• EXPLAINER: Training limits officer’s choice for deadly force

    COLUMBUS, Ohio (AP) — The second-guessing of a Columbus police officer who shot and killed a 16-year-old girl Tuesday as she swung a knife toward another girl began just seconds after the last shot, as bystanders demanded to know why the officer had fired his gun. It continued on social media as observers questioned why a stun gun wasn’t used, why the officer didn’t try to shoot the girl in the leg instead, or why he didn’t try to otherwise disarm her.

  • New Mexico prepares to fight vaccine hesitancy in some areas

    SANTA FE, N.M. (AP) — New Mexico health officials said Wednesday that they are preparing to respond to pockets of COVID-19 vaccine hesitancy in some communities at the same time that overall interest increases.

  • 2 energy firms offer concessions for proposed merger

    SANTA FE, N.M. (AP) — Two large energy corporations in New Mexico that hope to merge have offered concessions to try to make the merger more palatable to those who questioned whether it was in the state’s public interest.

  • Israel reports sirens near town of secretive nuclear reactor

    JERUSALEM (AP) — A missile launched from Syria was fired into southern Israel early Thursday, setting off air raid sirens near the country’s top-secret nuclear reactor, the Israeli military said. In response, it said it attacked the missile launcher and air-defense systems in neighboring Syria.

    Updated: 7:26 pm

  • Businesses scramble for help as job openings go unfilled

    NEW YORK (AP) — It looks like something to celebrate: small businesses posting “Help Wanted” signs as the economy edges toward normalcy. Instead, businesses are having trouble filling the jobs, which in turn hurts their ability to keep up with demand for their products or services.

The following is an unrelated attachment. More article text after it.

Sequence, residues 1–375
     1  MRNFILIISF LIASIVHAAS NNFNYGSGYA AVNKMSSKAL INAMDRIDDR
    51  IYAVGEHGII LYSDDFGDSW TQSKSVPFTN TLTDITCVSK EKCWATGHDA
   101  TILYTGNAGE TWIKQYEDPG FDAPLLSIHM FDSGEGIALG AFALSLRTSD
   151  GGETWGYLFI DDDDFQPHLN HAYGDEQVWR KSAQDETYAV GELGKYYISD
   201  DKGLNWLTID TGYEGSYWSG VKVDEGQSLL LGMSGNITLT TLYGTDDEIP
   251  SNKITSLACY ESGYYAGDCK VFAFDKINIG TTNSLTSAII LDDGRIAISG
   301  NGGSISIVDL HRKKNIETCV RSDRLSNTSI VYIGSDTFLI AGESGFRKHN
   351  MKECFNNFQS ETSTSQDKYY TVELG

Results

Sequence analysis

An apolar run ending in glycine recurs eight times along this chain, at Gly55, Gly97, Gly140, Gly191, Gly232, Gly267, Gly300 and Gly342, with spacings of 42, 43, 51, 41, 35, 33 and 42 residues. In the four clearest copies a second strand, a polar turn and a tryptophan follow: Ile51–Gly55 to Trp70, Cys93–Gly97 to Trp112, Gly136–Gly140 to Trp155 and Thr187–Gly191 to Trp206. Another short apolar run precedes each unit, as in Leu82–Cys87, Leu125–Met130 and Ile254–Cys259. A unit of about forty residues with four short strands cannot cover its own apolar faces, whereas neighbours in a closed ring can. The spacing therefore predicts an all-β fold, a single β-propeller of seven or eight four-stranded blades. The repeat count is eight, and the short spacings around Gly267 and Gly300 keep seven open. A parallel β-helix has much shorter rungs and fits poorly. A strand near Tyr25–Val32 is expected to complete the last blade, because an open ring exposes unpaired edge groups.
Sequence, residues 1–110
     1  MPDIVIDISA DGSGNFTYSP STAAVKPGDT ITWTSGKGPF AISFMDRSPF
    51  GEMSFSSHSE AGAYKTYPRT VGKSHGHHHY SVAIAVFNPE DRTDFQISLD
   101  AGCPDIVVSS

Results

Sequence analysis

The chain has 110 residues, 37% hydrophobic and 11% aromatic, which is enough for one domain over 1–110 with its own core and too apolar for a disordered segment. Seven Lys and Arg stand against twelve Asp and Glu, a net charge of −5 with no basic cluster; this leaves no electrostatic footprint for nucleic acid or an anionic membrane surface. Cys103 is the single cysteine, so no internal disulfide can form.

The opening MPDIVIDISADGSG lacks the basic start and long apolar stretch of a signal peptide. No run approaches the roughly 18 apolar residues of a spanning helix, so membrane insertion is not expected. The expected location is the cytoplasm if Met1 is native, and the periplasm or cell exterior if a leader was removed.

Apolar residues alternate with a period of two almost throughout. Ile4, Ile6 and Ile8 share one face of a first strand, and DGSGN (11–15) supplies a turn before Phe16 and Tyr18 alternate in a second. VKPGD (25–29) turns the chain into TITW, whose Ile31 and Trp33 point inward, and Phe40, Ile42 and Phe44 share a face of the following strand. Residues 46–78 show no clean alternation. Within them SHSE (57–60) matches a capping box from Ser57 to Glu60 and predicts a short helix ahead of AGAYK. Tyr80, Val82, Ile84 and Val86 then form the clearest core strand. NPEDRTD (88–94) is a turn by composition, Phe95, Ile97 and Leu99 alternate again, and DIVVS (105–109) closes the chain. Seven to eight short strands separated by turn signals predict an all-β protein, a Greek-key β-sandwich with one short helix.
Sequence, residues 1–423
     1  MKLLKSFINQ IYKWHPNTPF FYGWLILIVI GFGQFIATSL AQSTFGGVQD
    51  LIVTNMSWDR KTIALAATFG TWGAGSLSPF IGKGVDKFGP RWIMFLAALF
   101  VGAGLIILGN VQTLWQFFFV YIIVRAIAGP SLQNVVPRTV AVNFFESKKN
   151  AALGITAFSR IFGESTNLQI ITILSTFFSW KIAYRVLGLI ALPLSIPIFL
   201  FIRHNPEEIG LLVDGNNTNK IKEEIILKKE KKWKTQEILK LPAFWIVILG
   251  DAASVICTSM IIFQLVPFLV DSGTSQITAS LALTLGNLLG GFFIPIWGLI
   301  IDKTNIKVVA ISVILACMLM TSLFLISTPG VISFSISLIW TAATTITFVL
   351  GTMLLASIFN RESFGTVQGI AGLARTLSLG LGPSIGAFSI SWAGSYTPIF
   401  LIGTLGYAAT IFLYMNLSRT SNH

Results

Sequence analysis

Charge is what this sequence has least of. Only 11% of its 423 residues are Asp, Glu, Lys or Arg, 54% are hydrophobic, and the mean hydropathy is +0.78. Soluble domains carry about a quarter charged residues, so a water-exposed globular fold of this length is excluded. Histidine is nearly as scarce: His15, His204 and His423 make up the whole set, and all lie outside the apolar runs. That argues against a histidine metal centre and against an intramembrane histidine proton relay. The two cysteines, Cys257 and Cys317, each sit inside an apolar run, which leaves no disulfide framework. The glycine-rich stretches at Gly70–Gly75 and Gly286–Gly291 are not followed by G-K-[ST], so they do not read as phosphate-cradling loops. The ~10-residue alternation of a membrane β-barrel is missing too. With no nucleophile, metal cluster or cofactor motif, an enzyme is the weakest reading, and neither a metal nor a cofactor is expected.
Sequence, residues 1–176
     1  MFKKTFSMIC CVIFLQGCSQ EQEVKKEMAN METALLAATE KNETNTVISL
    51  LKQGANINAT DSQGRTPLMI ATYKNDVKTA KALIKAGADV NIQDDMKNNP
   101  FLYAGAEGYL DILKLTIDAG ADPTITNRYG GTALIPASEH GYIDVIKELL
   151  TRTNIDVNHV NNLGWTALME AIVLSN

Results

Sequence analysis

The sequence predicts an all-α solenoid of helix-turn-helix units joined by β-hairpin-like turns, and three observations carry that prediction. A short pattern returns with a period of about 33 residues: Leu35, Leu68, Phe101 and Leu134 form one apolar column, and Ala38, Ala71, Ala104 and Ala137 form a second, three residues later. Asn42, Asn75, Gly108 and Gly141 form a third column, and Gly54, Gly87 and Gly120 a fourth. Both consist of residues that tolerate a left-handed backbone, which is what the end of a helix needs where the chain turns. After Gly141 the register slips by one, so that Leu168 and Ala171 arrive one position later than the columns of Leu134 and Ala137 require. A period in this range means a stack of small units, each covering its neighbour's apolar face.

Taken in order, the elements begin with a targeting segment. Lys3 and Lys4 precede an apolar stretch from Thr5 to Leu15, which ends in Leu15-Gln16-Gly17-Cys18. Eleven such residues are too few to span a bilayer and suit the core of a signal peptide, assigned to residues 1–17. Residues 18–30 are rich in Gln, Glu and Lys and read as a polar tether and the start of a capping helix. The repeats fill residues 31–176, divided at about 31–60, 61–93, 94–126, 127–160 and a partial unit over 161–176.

• George Floyd and Emmett Till families see parallels in loss

    CHICAGO (AP) — A Black Chicago teen’s lynching in 1955 galvanized the civil rights movement. A Black Minneapolis man’s killing by police last year propelled a worldwide call for racial justice and ending police brutality.

  • Grim list of deaths at police hands grows even after verdict

    Just as the guilty verdict was about to be read in the trial of former Minneapolis police officer Derek Chauvin, police in Ohio shot and killed a Black teenager in broad daylight during a confrontation.

    Updated: 4:55 pm

  • Medical cannabis legal in Utah, but not always affordable

    SALT LAKE CITY (AP) — Pain left from oil-field work defeated traditional pain pills and dominated William Adams’ life — until he tried medical marijuana. But even as he began venturing outside his home for the first time in years, Adams discovered he couldn’t afford the cost.

    Updated: 6:00 pm

  • Lava from Guatemala’s Pacaya volcano threatens towns

    EL PATROCINIO, Guatemala (AP) — Residents of small communities living around Guatemala’s Pacaya volcano wake each day wondering if the lava will reach their homes.

  • ‘Let them go with it’: Teachers lead talks on Floyd case

    As she watched a broadcast of the verdict in the murder trial of the police officer charged with killing George Floyd with her last-period class, middle school teacher Diana Garcia-Allen did her best to stifle her own emotions and keep from crying. She sensed a sadness mirrored in her students.

    Updated: 6:59 pm